Jacques J. Rancourt


Saint-Joseph’s Oratory, Montreal


Didn’t I too once suck deep from the bosom of God?
In a cathedral in a part of the city where the Old World

is brought to the New, didn’t I see two walls
lined with canes and crutches? And the crippled,

those with crooked spines, were they not—at least some—
healed? And didn’t I also leave filled with a great hum

like the St. Lawrence flooding? And how long after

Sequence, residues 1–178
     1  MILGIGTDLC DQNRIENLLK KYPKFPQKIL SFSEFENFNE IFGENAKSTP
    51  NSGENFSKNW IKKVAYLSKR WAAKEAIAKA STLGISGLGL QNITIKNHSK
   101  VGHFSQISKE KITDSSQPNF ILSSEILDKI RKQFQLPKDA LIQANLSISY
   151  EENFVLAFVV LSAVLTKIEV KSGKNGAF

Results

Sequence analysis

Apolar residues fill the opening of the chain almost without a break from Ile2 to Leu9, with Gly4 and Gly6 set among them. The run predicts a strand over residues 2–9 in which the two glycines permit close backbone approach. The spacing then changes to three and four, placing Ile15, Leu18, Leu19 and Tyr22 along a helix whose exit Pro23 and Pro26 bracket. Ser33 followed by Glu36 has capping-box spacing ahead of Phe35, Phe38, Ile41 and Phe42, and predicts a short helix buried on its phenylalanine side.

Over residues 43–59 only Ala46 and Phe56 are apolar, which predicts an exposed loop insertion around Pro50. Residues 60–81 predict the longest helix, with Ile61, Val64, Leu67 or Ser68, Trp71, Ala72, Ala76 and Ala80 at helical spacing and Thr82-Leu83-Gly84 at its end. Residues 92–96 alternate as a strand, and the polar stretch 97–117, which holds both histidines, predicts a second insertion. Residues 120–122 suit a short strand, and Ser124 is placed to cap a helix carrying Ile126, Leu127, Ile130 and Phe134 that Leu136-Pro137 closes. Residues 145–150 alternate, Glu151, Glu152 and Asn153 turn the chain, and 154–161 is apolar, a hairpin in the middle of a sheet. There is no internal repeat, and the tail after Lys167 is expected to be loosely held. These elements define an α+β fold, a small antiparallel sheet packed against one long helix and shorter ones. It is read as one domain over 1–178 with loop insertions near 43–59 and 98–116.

the last blast of the organ, how long does that sound

remain in the rafters or against the dome’s
peeled plaster? And how far from the cathedral

did the crippled walk before they realized
they still could not walk? And when they exhumed

the saints’ bodies, even after a hundred years,
didn’t those bodies still smell of roses? Or was it more

like how—from the right distance—
an onion smells sweet even after it’s rotted?

Jacques J. Rancourt’s poems have appeared in the Kenyon Review, New England Review, Ploughshares, Virginia Quarterly Review, and Best New Poets 2014. He’s held fellowships from Stanford University, UW-Madison, and the Cité Internationale des Arts.